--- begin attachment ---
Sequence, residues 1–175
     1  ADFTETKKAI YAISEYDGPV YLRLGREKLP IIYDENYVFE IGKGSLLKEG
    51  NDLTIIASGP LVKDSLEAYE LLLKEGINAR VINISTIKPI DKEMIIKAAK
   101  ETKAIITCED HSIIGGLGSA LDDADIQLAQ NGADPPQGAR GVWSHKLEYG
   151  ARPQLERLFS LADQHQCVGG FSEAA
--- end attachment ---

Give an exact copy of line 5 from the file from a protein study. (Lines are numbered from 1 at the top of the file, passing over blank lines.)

   151  ARPQLERLFS LADQHQCVGG FSEAA